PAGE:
over even though it wasn’t his fault and he’s totally let off the hook
for it). Some sections of Rico’s arc are quite predictable, but he ends
the movie as a completely different man and his transformation from
start to finish is a thrill to watch.

Then we have the supporting cast. There’s Carmen Ibanez, Rico’s high
school crush and the surprising proof that Denise Richards is a viable
action star. There’s “Dizzy” Flores, the tomboy who apparently spends
her life pining for Rico. There’s Neil Patrick Harris in a brief
appearance as Rico’s old buddy Carl and there’s Zander Barcalow, Rico’s
rival for Carmen’s affections. All of these characters are given
surprisingly deep arcs, with the acting talent and direction to make
them constantly watchable. This also has the side effect of making us
care for these characters, hoping they won’t die and feeling horrible if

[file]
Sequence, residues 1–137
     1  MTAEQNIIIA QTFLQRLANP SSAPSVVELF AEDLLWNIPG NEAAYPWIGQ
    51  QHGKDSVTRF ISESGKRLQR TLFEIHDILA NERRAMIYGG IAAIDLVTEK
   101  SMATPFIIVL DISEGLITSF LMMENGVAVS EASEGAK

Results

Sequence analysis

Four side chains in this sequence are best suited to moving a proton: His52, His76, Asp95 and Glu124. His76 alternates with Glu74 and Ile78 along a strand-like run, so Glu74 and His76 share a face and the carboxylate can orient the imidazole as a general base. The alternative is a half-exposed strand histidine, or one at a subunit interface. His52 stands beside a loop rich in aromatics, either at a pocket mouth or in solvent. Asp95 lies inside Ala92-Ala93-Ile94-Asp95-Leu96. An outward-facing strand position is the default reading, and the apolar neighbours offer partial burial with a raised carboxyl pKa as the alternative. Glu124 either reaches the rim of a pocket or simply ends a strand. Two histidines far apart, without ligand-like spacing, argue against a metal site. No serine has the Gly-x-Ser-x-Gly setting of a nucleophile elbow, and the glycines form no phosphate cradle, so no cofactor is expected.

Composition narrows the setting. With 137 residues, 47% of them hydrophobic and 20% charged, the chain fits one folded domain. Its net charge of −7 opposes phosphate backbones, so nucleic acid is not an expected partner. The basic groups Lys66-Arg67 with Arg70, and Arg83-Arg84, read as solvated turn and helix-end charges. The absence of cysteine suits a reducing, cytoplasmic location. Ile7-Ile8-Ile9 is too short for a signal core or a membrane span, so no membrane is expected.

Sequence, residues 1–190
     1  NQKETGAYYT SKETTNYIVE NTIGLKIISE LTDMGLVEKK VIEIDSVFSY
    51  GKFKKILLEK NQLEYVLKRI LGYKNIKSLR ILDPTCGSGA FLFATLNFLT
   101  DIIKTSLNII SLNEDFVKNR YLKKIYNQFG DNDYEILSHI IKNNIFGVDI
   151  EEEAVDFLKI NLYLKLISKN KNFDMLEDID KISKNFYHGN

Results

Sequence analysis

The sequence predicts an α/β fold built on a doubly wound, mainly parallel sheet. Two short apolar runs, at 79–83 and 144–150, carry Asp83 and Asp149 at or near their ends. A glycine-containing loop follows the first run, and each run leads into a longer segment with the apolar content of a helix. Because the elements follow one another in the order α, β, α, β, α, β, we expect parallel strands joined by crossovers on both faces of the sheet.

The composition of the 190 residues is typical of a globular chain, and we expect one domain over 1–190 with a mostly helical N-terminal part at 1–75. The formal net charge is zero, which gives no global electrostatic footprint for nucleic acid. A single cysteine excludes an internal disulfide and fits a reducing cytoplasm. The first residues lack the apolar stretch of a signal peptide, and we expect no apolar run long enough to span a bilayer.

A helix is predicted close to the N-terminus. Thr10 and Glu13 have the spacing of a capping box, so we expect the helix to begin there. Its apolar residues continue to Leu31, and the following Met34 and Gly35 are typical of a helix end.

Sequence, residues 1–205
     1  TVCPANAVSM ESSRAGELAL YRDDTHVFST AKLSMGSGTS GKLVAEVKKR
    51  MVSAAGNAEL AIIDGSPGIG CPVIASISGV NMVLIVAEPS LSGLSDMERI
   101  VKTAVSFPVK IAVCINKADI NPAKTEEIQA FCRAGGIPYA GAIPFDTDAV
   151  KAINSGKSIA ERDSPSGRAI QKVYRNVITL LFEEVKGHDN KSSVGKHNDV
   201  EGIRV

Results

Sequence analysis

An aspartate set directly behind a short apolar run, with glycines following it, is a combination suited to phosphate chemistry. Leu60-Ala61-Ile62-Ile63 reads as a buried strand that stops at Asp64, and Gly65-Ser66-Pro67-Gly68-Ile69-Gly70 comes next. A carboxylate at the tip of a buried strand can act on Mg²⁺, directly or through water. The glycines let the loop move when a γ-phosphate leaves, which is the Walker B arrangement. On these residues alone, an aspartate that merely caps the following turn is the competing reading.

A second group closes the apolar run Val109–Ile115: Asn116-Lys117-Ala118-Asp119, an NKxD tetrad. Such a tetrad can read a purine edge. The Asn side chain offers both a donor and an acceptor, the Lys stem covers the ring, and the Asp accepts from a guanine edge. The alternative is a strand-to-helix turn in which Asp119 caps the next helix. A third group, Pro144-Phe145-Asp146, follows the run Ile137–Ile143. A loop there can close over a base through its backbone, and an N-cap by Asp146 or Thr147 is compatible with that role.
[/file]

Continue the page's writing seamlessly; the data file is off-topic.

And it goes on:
and when they do. This movie really isn’t about the action as much as
it’s about how the action affects the characters and that’s a big part
of what makes this movie truly great.

The other big part is the satire. In some way or another, pretty much
every excess that America indulges in — news, sports, military
obsession, and even our lavish high school proms — are poked fun at in
some way or other in this movie. Commentary on commercialism is
strangely absent, though I suppose Verhoeven covered that topic well
enough in Robocop.

There are also some nice digs at our wartime mentality, such as the
giant “CENSORED” bars covering examples of bugs goring humans or vice